INSIDE Chico State
0 March 8, 2001
Volume 31 Number 12
  A publication for the faculty, staff, administrators, and friends of California State University, Chico




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Art and the University Humanities Center Fiasco

A bird’s eye view of Bachelor of Fine Arts student Jason Long’s sculpture, a catalog of his life memories.
A birdŐs eye view of Bachelor of Fine Arts student Jason LongŐs sculpture, a catalog of his life memories.

( Photo Courtesy of Jason Long )

A Chico State student named Jason Long did a very interesting thing the other day: He mounted a rather grand sculpture in the Humanities Center gallery space in Trinity Hall. Then the university did an interesting thing of its own: It made him take it down, immediately, and before the show's official opening reception could take place.

Long's sculpture, or installation, or "piece," consisted of several groups of large wooden packing cases stacked in towering, orderly rows and a wooden chest of working card-file drawers that seemed, in part, to be a miniature version of the stacked crates. An art reviewer might say that it was a charming piece of bricolage, a "conceptualist" work that also made satisfying and impressive use of form, space, scale. I think it's the single most interesting use that any artist has made of the Humanities Center space to date, and there's good reason to believe that no one will ever get a chance to improve upon that particular achievement.

By the time that a university employee had gotten a fire marshal to condemn the stacked crates, Jason Long's work was mutating further into an ironic and perhaps definitive statement about institutions and creativity -- at CSU Chico, in the Humanities Center, on a fundamentally bureaucratic campus, in a system of education more and more devoted to an industrial model. And the perfection of his redefinition of the Trinity Hall "gallery" became more corrosively evident as well.

The Humanities Center is a fine idea, and it has already been the scene of a good many worthy and even memorable events, but it is central in name only. It, too, is a kind of conceptualist installation, and we owe a debt of gratitude to Dean Heinz, Robert Burton, Thomasin Saxe, and many others for their sustained acts of imagination therein. But the "gallery" that Jason Long used so brilliantly is primarily an absurd and incoherent space, a hallway in an office building, an L-shaped room born of the utilitarian grafting of cell-block office spaces onto the pseudo-classical hallowed halls of a nondenominational bell tower. Jason Long's creativity and daring are among many signs of vitality in the humanities at Chico State, but the Trinity Hall fiasco should be an embarrassment to the entire university. Chico State should be proud of Jason Long's triumphant completion of a course of study, but what we gave him instead was a lesson in institutional indifference and bureaucratic hostility.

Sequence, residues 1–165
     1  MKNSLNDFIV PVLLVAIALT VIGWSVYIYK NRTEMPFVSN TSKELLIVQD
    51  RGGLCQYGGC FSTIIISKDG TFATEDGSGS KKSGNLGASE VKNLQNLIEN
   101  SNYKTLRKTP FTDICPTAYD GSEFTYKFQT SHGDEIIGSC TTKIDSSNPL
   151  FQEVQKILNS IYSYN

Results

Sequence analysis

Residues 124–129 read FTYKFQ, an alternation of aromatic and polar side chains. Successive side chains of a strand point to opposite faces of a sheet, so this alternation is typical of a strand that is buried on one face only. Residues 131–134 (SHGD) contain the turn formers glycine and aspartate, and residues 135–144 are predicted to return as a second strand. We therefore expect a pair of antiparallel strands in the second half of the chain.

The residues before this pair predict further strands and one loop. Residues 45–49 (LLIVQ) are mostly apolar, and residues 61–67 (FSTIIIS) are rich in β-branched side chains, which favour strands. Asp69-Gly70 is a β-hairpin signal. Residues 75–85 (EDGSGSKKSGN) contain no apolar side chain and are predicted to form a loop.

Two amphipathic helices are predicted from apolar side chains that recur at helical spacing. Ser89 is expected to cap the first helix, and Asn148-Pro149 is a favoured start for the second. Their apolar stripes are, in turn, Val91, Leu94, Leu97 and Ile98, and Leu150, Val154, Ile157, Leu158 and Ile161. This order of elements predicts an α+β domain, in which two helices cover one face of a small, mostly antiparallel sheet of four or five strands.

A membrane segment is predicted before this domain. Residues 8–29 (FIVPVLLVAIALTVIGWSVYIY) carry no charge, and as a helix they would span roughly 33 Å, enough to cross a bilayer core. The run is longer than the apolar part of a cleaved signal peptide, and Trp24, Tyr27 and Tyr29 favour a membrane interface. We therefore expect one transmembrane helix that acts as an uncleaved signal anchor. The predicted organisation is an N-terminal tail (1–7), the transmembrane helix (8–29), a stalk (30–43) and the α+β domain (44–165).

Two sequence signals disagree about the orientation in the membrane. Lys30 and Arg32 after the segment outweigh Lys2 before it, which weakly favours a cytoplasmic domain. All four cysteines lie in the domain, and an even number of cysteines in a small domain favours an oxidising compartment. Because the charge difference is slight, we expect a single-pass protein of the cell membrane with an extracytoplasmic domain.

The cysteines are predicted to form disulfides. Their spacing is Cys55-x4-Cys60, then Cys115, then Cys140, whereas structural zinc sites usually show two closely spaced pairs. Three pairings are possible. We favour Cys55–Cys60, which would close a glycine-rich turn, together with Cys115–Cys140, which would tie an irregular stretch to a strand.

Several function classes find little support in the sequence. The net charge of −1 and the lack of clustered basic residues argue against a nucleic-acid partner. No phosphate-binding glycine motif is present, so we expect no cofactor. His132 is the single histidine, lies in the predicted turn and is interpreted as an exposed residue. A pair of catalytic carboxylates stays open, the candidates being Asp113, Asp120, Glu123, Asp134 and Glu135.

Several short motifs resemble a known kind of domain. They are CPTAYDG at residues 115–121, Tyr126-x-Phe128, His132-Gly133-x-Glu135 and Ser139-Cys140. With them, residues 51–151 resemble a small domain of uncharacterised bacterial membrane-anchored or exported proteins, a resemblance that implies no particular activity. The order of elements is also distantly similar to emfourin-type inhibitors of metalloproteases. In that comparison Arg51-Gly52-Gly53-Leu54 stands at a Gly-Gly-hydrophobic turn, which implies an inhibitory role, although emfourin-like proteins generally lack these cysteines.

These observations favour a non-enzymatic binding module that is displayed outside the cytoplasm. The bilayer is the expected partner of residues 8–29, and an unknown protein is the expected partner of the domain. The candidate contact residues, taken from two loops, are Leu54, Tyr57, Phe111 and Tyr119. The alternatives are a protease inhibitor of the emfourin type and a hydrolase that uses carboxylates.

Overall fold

Peter Hogue, English

Like a Ship in a Bottle

The more I think about Jason Long's B.F.A. exhibit, the more brilliant I think it was; it is an incredible shame that he was forced to take it down before his opening, and well before the end of his exhibition week. Just Monday afternoon, I gave my Humanities 100B students an extra credit assignment: They were to view Long's exhibit and write a response to his artwork. Of course, they have been coming to Trinity to do this assignment and finding the space virtually empty.

I loved the way the artwork totally reconfigured the space, and the fact that the piece was constructed in the space (like a ship in a bottle). The hours and hours of labor involved in taking the crates apart and then reconstructing them inside Trinity added to the meaning of the work for me. I also liked the fact that the piece made us look at these common items in a whole new way. I am intrigued by the concept behind the piece and the use of the small file cabinet filled with memories to get that message across.

Not least important, the buzz that the installation created over the days it took to construct it inside Trinity just added to the impact of the artwork. Speculation abounded -- what was in the boxes? And why did nothing come out of them, while, instead, the stack grew taller and taller? And then, when these same folks realized that the boxes were the exhibit, debate began to ensue: What was art? Was this art? If so, why? I wish we could have had the rest of the week, at least, to view the work and continue the discussion.

Jeanne Lawrence, Art and Art History
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